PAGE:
Mixed outcomes for UN talks in Ethiopia
The United Nations says development talks in Ethiopia have set a bold agenda, but aid agencies say Australia and other rich nations have missed a reform opportunity.
Negotiations on a final agreement at the Financing for Development conference wrapped up overnight, with the UN trumpeting what it calls a bold and groundbreaking agenda.
The agenda includes setting up a forum to identify infrastructure gaps, using technology to promote development, a social compact to favour poor people and renewed commitment to the UN aid target of 0.7 per cent of national income.
The conference did agree to strengthen the work of a UN committee of tax experts.
Foreign Minister Julie Bishop welcomed the final agreement saying it reflected Australia’s development priorities, including a strong emphasis on boosting each country’s self reliance.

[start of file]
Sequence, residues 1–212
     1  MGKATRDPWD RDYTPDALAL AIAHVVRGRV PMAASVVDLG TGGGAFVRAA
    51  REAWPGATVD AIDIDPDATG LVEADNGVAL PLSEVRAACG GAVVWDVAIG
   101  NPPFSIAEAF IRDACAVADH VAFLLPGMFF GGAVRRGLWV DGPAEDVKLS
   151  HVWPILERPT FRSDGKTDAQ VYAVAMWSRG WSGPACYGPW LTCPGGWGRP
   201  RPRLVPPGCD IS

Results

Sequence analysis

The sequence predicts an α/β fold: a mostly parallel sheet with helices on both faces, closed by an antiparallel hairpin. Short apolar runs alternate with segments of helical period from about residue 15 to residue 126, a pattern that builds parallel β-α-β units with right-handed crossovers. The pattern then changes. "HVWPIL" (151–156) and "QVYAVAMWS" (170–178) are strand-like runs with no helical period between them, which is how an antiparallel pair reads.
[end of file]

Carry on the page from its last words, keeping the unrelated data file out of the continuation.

She said Australia is a founding partner of a tax initiative which commits the country to doubling investments to support developing countries to strengthen their tax systems by 2020.
Oxfam chief executive Helen Szoke said the agreement did not ensure there were proper safeguards for developing countries dealing with private sector-led development.
Despite tough talk on tax avoidance, Australia had been among the rich countries who had wasted an opportunity for greater tax reform, she said.
“They are returning home with a compromise, meaning rigged rules and tax avoidance will continue to rob the world’s poorest people,” Dr Szoke said.
“It is just not logical to ask developing countries to raise more of their own resources without also reforming the global tax system that prevents them doing this.”
The UN’s new development goals will be signed off in New York in September.